Three quarters of the substances found to pose a serious risk to human health or environment under REACH are allowed on the European market without any regulatory action, according to a major NGO report.
Reviewing data from community rolling action plan (Corap) on substance evaluation, the report by the European Environmental Bureau (EEB) says concerns have been "demonstrated" for 34 substances on the list "but no actual regulatory follow-up has been initiated to control the risks".
In ten years of REACH, further risk management measures have been initiated for just 12 substances on the list, the EEB says. These include:
- one restriction;
- one SVHC identification; and
- ten proposals for harmonised classification and labelling.
REACH substance evaluation is performed by member states and the Corap list currently features 352 chemicals they have prioritised for evaluation.
Once a substance is added to the list, however, it takes many years to conclude whether the risks are sufficiently controlled with existing measures or if further regulatory action is necessary, such as restriction or SVHC identification.
Evaluations have been completed for only 94 chemicals on the list, the EEB says, and for 46 of those the risks have been found not adequately controlled.
The report's other findings include:
- 67 substances are still awaiting evaluation decision;
- 126 out of 196 substances under evaluation (64%) lack the information needed to demonstrate safety; and
- 102 substances for which evaluation has started are awaiting further information and follow-up evaluation.
The results also demonstrate the need to improve the interface between evaluation and follow-up risk management, the EEB adds.
Hélène Loonen, the report's main author, urged officials to "raise their game" on chemicals of concern. Protection, not assessment alone, is the main goal of REACH, she said, and "if a chemical substance is found to be unsafe, governments should act without delay".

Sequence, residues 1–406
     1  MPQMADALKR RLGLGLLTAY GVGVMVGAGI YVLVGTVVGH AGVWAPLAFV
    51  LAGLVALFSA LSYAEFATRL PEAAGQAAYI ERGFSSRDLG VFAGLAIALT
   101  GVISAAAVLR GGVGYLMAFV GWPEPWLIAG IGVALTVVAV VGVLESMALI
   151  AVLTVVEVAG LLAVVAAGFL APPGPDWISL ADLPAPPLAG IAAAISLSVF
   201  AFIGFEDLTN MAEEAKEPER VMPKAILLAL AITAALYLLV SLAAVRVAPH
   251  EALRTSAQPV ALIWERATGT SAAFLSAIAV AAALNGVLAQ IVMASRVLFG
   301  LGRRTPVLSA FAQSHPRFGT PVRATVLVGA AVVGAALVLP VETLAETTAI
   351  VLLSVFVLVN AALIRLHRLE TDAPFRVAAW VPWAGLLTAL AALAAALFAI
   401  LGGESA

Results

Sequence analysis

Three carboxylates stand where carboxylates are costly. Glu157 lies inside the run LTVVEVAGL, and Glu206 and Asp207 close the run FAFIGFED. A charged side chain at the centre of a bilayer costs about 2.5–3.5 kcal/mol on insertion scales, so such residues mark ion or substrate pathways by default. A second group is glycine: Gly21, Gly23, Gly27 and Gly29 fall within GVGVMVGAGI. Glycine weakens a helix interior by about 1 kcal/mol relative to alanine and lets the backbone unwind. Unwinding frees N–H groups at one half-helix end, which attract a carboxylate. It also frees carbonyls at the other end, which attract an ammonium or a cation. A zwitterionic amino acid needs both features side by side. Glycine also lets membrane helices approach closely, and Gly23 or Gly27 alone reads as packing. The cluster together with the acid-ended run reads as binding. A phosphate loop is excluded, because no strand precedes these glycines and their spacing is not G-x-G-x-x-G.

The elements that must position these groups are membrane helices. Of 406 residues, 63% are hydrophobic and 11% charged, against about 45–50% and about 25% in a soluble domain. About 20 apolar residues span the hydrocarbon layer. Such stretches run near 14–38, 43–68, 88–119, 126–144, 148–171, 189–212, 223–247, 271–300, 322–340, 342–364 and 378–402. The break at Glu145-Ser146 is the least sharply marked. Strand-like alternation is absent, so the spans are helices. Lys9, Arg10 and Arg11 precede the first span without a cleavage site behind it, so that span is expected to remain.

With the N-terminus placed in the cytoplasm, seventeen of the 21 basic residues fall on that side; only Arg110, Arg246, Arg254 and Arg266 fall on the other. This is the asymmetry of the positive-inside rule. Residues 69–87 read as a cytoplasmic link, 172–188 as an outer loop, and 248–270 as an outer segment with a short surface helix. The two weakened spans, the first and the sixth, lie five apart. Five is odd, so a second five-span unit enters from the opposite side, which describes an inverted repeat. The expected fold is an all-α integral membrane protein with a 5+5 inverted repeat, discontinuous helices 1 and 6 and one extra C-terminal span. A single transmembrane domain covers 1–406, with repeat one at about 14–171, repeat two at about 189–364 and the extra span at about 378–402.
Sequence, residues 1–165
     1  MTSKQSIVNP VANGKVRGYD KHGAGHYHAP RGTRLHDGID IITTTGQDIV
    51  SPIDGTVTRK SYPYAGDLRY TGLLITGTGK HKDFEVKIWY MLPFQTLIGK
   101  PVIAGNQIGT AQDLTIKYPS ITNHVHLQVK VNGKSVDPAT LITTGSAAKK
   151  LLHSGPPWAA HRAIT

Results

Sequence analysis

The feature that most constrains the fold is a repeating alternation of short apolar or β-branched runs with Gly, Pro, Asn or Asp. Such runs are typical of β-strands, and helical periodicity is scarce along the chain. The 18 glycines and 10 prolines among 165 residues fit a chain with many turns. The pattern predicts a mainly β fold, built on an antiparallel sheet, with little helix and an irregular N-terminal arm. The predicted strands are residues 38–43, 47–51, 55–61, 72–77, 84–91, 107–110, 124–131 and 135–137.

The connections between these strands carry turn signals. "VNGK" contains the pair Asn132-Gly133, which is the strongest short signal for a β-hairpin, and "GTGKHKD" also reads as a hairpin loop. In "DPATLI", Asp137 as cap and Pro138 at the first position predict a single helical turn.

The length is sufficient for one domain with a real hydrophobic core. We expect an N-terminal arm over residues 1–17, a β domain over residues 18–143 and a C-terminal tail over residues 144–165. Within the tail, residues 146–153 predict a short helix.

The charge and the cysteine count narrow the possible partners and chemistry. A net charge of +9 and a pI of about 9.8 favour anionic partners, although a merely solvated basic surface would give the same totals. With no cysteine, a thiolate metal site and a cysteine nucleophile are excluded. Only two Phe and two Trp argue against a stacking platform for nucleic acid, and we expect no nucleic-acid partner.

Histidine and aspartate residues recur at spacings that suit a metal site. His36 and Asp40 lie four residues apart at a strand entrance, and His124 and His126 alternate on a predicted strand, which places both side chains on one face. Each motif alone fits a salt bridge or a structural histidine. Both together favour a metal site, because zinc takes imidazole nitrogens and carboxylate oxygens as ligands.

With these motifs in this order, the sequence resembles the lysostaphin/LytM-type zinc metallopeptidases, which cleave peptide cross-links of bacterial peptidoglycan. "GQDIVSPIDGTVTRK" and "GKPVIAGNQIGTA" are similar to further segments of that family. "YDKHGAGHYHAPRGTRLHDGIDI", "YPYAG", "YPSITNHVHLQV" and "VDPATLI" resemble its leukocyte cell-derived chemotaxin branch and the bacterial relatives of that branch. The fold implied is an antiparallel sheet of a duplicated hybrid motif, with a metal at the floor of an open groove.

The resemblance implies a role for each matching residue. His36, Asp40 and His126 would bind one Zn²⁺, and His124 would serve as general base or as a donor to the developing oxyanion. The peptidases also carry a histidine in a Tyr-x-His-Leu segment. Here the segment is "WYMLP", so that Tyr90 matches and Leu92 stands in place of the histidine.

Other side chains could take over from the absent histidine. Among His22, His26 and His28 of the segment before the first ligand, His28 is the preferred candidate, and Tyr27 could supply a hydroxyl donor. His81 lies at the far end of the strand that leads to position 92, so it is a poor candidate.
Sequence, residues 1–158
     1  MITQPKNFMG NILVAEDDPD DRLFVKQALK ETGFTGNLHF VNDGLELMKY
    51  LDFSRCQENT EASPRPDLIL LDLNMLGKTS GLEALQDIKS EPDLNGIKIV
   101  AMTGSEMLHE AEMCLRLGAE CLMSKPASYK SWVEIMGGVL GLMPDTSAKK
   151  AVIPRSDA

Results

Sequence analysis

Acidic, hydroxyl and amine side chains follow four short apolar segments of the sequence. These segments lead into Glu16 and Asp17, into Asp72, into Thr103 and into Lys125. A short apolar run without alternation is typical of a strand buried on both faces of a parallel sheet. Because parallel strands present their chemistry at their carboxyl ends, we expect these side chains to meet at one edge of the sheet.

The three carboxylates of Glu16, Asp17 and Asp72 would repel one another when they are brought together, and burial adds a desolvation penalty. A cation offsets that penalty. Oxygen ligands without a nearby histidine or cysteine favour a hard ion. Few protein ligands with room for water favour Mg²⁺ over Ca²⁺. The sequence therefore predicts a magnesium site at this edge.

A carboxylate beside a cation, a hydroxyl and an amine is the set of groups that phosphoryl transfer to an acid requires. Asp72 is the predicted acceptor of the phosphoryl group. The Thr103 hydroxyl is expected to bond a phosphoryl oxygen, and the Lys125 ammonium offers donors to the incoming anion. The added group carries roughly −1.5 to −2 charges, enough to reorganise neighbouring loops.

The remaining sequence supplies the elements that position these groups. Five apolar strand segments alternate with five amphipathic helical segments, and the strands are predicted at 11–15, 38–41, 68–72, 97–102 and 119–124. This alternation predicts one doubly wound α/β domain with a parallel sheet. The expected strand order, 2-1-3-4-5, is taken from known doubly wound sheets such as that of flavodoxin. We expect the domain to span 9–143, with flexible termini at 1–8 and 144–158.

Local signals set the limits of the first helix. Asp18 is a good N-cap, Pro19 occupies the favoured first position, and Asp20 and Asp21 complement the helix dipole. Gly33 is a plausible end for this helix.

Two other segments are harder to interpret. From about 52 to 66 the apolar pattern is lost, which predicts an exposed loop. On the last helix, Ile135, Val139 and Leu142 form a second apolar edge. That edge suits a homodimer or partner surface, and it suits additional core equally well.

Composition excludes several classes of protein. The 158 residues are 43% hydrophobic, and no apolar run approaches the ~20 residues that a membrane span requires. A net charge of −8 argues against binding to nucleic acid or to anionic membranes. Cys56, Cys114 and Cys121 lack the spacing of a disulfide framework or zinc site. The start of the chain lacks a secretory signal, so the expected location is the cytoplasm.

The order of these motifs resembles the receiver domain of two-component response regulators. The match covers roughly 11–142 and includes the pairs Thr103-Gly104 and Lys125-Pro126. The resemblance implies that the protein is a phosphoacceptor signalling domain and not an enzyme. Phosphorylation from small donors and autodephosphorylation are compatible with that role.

The report also queries the long delays in the evaluation process, which leave potential concerns unresolved for many years.
It takes up to between seven and nine years, and sometimes even more, before a suspected concern is clarified under Corap, the EEB says. Add to that the development and implementation of risk management measures, and "it may take 12 to 16 years to regulate chemicals of concern".
Half of all scheduled evaluations were postponed over the last few years, and substances sometimes linger on the list for many years before evaluation can even begin, the report says. It makes several recommendations to accelerate the process, including:
- avoid delays in Corap. Consider how to implement an integrated approach to accelerate evaluation and how Echa's proposal can be developed to integrate compliance check and substance evaluation;
- respect legal timeframes stipulated by REACH. Ensure preparation of draft decision or conclusion of evaluation is completed within 12 months of publication of Corap. Start follow-up evaluation if requested information is not provided by legal deadline;
- avoid delays in reaching conclusions due to requests for further testing. Ensure that all available information is used. It is important to use all weight of evidence and apply the precautionary principle; and
- optimise the interplay between expert groups and the Member State Committee (MSC). Organise a workshop to align principles and optimise use of expert groups on persistent, bioaccumulative and toxic (PBT) chemicals and endocrine effects.
Improvement to evaluation procedures is one of the actions the European Commission has set out in its second REACH review.
The EEB report also reviews dossier evaluation under REACH, after Echa revealed last year that 70% of dossiers checked in the past ten years were non-compliant. The NGO calls for improved transparency on dossier registrations and decisions, and an increase in Echa's compliance check rate, which is currently set at 5%.